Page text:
Moyer goes after Phils on new role

Jamie Moyer watches from the Phillies' dugout with Pedro Martinez - the man replacing him in the starting rotation - sitting behind him.
Jamie Moyer watches from the Phillies' dugout with Pedro Martinez - the man replacing him in the starting rotation - sitting behind him.
Posted: August 12, 2009

CHICAGO - Jamie Moyer sat alone in the stands at Wrigley Field yesterday afternoon. He stared at the infield where he made his major-league debut June 16, 1986, pitching for the Cubs against the Phillies and his boyhood hero, Steve Carlton.

After a few silent minutes, Moyer sent for the media and expressed strong displeasure about a late-career development. Moyer, 46, is 10-9 with a 5.47 earned run average this season, and Monday he was assigned to the bullpen to accommodate Pedro Martinez, who will make his Phillies debut tonight as a member of the starting rotation.

"I'm really not happy with this decision that the Phillies have made," Moyer said. "I will take what they've asked me to do, but I'm not real excited about the decision that's been made."

Moyer said that when he negotiated his two-year, $13 million contract with the Phils over the winter, he felt that an understanding existed between the lefthander, general manager Ruben Amaro Jr. and team president David Montgomery that he would be a starter.

"I feel like I've been misled," Moyer said. "I'm a little disheartened a little bit because I know this past winter when I was negotiating with the Phillies, this was a sore thumb, if you will, about this potentially happening. Ruben, you can't promise anything in this game, but I really felt that Ruben kind of parlayed to me that this type of situation would not happen.

"I actually even had some conversation with David [Montgomery], and them reassuring me this type of situation won't happen. Again, I'm a little disheartened by the way it's happened, how it's happened."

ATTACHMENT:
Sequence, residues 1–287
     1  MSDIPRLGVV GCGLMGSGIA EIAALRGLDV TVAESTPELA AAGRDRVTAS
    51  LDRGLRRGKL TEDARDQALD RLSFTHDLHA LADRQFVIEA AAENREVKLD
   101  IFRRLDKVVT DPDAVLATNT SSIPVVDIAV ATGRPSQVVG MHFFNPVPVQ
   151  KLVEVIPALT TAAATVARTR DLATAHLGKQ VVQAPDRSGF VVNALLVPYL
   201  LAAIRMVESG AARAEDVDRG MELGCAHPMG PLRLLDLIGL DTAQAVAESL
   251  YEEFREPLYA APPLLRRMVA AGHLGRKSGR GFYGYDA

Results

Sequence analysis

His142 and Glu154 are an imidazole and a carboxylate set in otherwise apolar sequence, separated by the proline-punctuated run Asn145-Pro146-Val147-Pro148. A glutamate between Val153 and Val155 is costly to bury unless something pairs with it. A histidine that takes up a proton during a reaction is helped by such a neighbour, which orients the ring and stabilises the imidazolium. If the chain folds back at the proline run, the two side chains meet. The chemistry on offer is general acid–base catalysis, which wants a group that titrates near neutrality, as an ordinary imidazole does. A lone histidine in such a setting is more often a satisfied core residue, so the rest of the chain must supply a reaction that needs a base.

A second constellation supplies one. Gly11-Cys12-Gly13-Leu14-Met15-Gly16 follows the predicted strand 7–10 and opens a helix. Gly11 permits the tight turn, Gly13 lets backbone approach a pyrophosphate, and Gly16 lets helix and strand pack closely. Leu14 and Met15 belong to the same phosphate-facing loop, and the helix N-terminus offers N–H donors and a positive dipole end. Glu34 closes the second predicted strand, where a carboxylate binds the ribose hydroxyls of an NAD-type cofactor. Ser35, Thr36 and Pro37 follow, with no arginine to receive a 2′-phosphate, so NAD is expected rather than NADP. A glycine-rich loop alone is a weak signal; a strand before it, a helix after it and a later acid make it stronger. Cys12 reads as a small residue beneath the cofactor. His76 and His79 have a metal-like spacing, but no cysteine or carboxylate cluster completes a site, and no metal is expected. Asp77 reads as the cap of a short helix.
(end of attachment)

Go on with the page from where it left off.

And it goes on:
Amaro and Montgomery were not in Chicago with the team. Amaro said through a team representative: "When we signed Jamie Moyer, it was under the pretense of him being a starter. But right now, circumstances have changed. . . . We're not going to get into any contract negotiations. That's between players and club."

Manager Charlie Manuel said that the decision to remove Moyer from the rotation was agonizing. "The toughest decision I ever made," Manuel said. "It was very hard. What do you want me to say?"

Manuel added that while he did not know what Moyer's role in the bullpen would be, he would feel comfortable utilizing the lefty as he does Scott Eyre, in key situations against lefthanded hitters.

"We will look for places to pitch him and keep him sharp, and you never know what's going to happen," the manager said.

Martinez said that he has "all the regard in the world" for Moyer.

"I'm a man. I'm a human being. So is Jamie. He's my friend, my teammate, my colleague, whatever you want to call it. . . . If it happened the same way, if I went to the bullpen, I wouldn't be happy. It wasn't my decision. It wasn't me. I was placed in this position. As a matter of fact, I didn't know anything until yesterday. . . . I don't have enough words to say how I feel about Jamie."

Moyer, on the other hand, had no trouble finding words.

"Whether I like it or not, this is the situation I'm in," he said. "I will deal with it. I will deal with it in a respectful way. I'll be respectful to my teammates. I do not want to be a distraction, and I refuse to be a distraction. It's about the 25 players that are here and are playing. We all have to pick each other up. We all have to support each other. And we all have to be professional."

Contact staff writer Andy Martino at 215-854-4874 or

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